Open Workspace Trend is Dead

Yeah! Appears more companies are starting to finally realize the “Open Workspace” office environment is anti-productive.

I have seen a number of reports, the most recent from Lindsey Kaufman of the Washington Post, on how the ‘Open Office’ and ‘Bully Pin Workspace’ trend started by companies like Google back in the 80’s is finally proving to be what was predicted it would be…a flop.

What I Found

A few years ago I was asked to be part of a business development group forming who wanted to enter the ‘Shared Office Space’ market.

The concept competing commercial real estate brokers were using was based on not a completely open office space environment but encompassed the feel of an open environment by having all private offices placed along the external windows of the building with enclosed walls between the offices suites and a glass front that allowed those sitting in the open space in the middle of the office floor to view into the private office suites. It looked cool, but as Ms Kaufman alluded to, gave those who leased the glassed in office suites a feeling of being in a “Fishbowl”.

More Privacy Needed to be Productive

My function for this group was to develop the business model for the concept they outlined and present it to the board of directors so they could could approve the content they needed to put into the investor pitch binders. I enjoyed the project and it was thrilling to see the profitability of the concept develop as I was building the model.

Unfortunately, when I got to putting the finishing touches to the model I started finding article after article reporting on how the entrepreneur and small businesses targeted as primary users of these shared offices spaces were tiring of the same intrusions of their privacy as mentioned in the Washington Post article.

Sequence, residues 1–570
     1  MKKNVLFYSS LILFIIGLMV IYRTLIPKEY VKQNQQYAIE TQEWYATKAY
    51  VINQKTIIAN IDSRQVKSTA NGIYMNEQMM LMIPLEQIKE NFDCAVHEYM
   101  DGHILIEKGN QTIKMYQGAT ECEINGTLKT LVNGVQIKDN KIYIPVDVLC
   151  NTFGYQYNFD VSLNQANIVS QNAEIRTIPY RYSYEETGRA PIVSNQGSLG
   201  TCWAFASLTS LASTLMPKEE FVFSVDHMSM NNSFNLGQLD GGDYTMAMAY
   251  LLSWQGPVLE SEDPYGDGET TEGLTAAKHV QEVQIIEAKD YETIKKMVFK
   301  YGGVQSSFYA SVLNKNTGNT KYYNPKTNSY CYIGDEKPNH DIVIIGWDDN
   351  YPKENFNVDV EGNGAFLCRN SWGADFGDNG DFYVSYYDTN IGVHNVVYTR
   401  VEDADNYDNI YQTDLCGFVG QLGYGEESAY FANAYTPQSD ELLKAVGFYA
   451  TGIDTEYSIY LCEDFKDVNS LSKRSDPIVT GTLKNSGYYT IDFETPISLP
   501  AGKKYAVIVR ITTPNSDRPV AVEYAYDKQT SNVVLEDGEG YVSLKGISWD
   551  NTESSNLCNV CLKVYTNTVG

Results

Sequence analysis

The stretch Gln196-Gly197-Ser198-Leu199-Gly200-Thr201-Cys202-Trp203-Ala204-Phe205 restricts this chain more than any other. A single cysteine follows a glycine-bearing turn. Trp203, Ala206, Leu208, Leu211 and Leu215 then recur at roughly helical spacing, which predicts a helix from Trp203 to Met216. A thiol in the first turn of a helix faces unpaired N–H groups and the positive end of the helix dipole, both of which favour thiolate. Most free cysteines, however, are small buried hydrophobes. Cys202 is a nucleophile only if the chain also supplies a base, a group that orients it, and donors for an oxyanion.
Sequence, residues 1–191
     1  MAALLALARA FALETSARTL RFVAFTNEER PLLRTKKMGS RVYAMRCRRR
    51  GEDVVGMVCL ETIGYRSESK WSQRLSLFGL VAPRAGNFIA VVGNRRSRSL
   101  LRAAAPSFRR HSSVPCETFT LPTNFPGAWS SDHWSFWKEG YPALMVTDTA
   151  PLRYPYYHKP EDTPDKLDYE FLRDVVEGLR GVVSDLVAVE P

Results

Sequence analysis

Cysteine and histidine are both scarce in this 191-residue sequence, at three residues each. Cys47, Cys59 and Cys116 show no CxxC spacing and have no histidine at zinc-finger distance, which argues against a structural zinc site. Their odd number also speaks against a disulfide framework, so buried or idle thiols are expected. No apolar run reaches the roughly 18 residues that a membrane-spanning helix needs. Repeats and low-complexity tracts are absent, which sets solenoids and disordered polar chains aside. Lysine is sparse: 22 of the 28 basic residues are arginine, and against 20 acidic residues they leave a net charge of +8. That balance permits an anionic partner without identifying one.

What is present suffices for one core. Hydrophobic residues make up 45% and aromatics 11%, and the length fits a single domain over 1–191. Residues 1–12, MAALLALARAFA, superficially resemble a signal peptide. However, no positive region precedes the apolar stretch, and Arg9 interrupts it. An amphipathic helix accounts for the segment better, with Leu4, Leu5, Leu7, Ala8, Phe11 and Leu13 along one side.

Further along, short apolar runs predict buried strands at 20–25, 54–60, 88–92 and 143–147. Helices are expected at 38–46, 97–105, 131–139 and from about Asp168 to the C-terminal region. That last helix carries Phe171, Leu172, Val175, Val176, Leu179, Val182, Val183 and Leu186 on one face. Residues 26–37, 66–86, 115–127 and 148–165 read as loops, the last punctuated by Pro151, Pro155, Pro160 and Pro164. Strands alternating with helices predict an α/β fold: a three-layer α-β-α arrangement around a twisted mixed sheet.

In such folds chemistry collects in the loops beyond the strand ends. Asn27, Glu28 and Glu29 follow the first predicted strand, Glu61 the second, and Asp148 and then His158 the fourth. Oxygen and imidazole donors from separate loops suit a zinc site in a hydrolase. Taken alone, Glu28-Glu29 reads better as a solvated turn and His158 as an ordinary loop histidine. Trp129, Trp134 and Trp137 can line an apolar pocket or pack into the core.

These reports started to devalue the business model resulting in the ‘due diligence’ process I was part of being shelved until a more conclusive direction in the workspace and office space market could be found.

Fortunately, the group’s leadership instructed me to develop what I saw would be the office space concept the small to mid-size business market is moving towards. This ignited my operations processing brain cells to a near party level resulting in me developing a new plan the group’s board of directors, and now investors, are seriously considering. I wish I could say more and hopefully in a few months I can.

Back to the Future

What I can say is, the Open Workspace is dead. My company, SyncLab Media, currently offices in one of the open office fishbowl suites environments in Dallas and we deal with all of Ms Kaufman’s frustrations on a daily basis. The pounding on the designer concrete flooring of the hobnail boot many of the inhabitants of our shared office space wear generally is the biggest issue the majority of lessees have with with the open environment. The lack of camaraderie amongst the inhabitants drags the work life environment down.

These issues, along with the introvert entrepreneur culture developed over the past 25 years, are what universally is killing the open public feel of the shared workspace.

Granted, there is truly a need for small offices spaces, with a shared business services, infrastructure small to mid-size businesses, and even small corporations, would benefit from. Interesting enough, thanks to the fiasco resulting from the Open Office environment Facebook and other fashion eccentric type companies started, these more pleasing type office spaces like I am a part of developing would not come about without the socially eccentricities exposed by putting people in a bull pen office space .

I am so glad to see the future of open office space is changing which means the culture of 8 to 5 peer review is coming to an end.

Let me know how I can help.

Originally published at Scot Duke.